By 1905 Von Tilzer had become well established and had a number of very popular hit songs to his credit. Among them were The Moon Has Eyes On You, with Billy Johnson and A Picnic For Two, with Arthur Lamb. By this time, Von Tilzer already had enough hits on his hands to publish a "dance folio" with the melodies of many of his songs for home play. In this folio we also have the opportunity to see and hear some of the very few piano only works by Von Tilzer. His brother published a similar folio in 1901 (see our full biography and review of Harry Von Tilzer's music for more information) and the "dance folio" had become a popular way for publishers and songwriters to disseminate their melodies at a very affordable price. All the music was published without lyrics so if a melody caught someone's ears, the folios would often help increase sales of the individual items. Among the fourteen titles included in this folio is a stunning march by Von Tilzer titled, Bunker Hill. We saw in last month's issue about brother Harry, that Harry's marches did not at all reach the same level of quality as his ballads. However, Albert clearly was comfortable in this genre for here he has created a march that is as entertaining melodically as any we've heard in our many years of publishing songs. This march became so popular that in 1906, Von Tilzer republished it with a set of lyrics and it reached a fairly high level of popularity. The music is really rather simple as marches go. The melody line is not complex and the accompaniment is also rather easy. Chances are, they were simplified for the folio, as was often the case but regardless, it is a pleasant experience that does not tax the mind or ears. Click the cover image or here to hear and see the Scorch version of the song (printable using the Scorch plug-in) or listen to the midi there are no Lyrics for this work.

 

The years from 1905 to '08 resulted in a number of popular hits for Albert and especially so when he teamed up with Jack Norworth ( Shine On Harvest Moon) for a number of great songs. Included during this period were, Honey Boy, a tribute to the minstrel George "Honey Boy" Evans, Good Evening Caroline and Smarty, both with Norworth. It was however, their 1908 song that captured the heart of the nation and established Von Tilzer as a superstar in the popular music realm. Though neither had supposedly ever attended a baseball game, they managed to create and publish a song that would forever be linked to the game, Take Me Out To The Ball Game. As any American knows, this song is in itself a national treasure. Sung at virtually every professional baseball game in the US for almost 100 years, the tune and words are known by almost every baseball fan in America. Though Von Tilzer wrote many, many other songs of equal or greater musical value several of which continue to be heard in the popular repertoire, none are probably as well known as this one. According to many sources, though none give an authoritative source, Norworth and Von Tilzer had never attended a baseball game until after their song had been published and received so much attention. Now, a seventh inning stretch requirement, the song and baseball could never be separated. The song may have overshadowed Von Tilzer's output so thoroughly that at least one uninformed and obviously poorly researched website has called them and the song a "one hit wonder." Nothing could be further from the truth when speaking of either Von Tilzer or Norworth. Click the cover image or here to hear and see the Scorch version of the song or listen to the midi or view the Lyrics for this work.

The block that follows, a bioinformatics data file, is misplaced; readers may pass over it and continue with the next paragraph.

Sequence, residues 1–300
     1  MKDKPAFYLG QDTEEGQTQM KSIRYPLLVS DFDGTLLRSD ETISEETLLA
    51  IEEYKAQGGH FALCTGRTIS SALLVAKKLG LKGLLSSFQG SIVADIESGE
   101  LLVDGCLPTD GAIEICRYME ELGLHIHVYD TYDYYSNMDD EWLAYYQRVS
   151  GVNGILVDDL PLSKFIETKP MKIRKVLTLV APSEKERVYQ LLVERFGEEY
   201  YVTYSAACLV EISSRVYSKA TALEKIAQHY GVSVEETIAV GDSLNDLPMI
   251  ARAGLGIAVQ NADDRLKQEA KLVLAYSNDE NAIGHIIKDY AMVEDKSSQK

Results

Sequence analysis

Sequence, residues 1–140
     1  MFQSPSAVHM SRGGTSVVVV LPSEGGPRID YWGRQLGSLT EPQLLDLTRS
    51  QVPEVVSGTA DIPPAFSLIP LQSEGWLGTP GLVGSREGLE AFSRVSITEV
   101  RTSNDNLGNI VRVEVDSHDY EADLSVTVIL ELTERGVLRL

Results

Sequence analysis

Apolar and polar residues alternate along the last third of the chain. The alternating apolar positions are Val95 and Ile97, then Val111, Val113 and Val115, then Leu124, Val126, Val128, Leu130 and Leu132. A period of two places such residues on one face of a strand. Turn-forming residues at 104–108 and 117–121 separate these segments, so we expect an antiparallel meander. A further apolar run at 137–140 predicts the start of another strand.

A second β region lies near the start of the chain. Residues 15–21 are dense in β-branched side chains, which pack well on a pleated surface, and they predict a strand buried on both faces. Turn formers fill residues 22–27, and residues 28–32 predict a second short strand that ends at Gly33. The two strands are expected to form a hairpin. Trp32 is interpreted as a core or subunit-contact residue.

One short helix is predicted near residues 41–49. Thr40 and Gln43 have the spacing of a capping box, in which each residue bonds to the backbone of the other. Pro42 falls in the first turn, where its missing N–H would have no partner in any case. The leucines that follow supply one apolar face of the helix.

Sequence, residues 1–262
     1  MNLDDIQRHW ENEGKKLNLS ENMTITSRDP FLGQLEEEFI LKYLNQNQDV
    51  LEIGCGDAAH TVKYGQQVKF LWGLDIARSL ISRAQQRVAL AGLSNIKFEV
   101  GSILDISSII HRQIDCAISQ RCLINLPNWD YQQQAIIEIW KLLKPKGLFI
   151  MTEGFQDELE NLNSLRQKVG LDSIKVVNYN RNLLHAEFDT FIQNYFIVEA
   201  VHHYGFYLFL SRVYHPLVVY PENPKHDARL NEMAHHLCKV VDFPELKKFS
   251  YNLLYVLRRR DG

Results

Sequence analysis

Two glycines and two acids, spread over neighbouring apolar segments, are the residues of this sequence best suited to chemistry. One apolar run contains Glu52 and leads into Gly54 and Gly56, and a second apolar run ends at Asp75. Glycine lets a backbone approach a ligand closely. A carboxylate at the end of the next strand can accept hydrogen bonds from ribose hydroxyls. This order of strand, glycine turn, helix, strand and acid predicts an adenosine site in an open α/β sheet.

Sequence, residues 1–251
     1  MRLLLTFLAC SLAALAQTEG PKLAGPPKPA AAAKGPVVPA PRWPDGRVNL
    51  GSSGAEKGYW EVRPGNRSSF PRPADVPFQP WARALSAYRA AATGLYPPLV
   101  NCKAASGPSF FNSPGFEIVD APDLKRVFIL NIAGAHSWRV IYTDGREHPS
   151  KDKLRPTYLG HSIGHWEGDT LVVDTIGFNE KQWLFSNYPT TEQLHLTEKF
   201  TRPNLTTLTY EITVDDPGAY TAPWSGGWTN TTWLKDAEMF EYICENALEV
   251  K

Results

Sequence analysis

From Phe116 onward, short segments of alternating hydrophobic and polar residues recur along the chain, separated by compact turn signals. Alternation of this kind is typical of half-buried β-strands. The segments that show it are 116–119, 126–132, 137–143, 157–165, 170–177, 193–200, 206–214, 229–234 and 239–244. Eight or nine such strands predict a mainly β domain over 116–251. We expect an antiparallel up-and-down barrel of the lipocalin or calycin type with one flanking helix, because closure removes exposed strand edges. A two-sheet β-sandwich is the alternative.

After the 1908 rush of hits, Von Tilzer began working with other notable lyricists. He had few hits that even came close to the prior ones and in 1910, he tried to recapture the feeling by publishing a musical sequel to Take Me Out To The Ball Game. That year he teamed up with Harry Breen to publish Back To The Bleachers For Mine. The song carried a terrific baseball oriented cover by an unknown artist and musically, the song inside shared a number of attributes with the 1908 hit but like many sequels, missed the mark and has been probably forgotten long since its publication. As with movie sequels, though the title and subject matter are promising, the material inside is not sufficiently different from the original and lacks any real exciting and new ideas. Though certainly worthy and a well written song, as with most sequels, it suffers by comparison to the original, a standard that still has not been even approached to this day, nearly a century later. Click the cover image or here to hear and see the Scorch version of the song or listen to the midi or view the Lyrics for this work.

 

Though Von Tilzer may have struck out with "Back To The Bleachers," 1910 was certainly not a wash for this same year he published another of his lasting hits with lyricist Junie Mc Cree, Put Your Arms Around Me Honey, (Scorch format) an incredible song and yet another that has stayed in the popular repertoire ever since publication. In 1912, Von Tilzer hooked up with Lew Brown, with whom he would write some of his greatest hits. This collaboration was Brown's first song writing partnership and he would go on to become one of America's greatest lyricists. Their first two songs were tepid hits that rode on Von Tilzer's fame, but did not go too far compared to many of his other works. They were; I'm The Lonesomest Gal In Town and Kentucky Sue. The partnership between Brown and Von Tilzer lasted several years and resulted in many hit songs and almost all of Von Tilzer's songs from 1912 on featured Brown as lyricist. Soon after the publication of Please Don't Take My Lovin' Man Away, also in 1912, the two wrote a follow-up novelty song that picked up right where "Please Don't" left off; Here Comes The Bride (The Girl Who Stole My Loving Man Away). Unfortunately for the heroine of the song, her earlier pleas were ignored and she found herself sitting in a church while that man stealing twit walked down the aisle to marry her man. The song does use the famed "here comes the bride" theme, the bridal chorus from Richard Wagner's opera Lohengrin to add that wedding sound and touch to the song. The song has a bluesy sort of jazzy sound to it and actually sounds much more like a song of the twenties rather than one of the early teens. Von Tilzer's music in my opinion tended to always be more forward looking than many of his contemporaries and in many respects, his music paved the way for many of the harmonic and rhythmic changes that would come in a few years. Whereas many composers of the era were grounded in tradition, Von Tilzer seemed to be setting future standards. Click the cover image or here to hear and see the Scorch version of the song or listen to the midi or view the Lyrics for this work.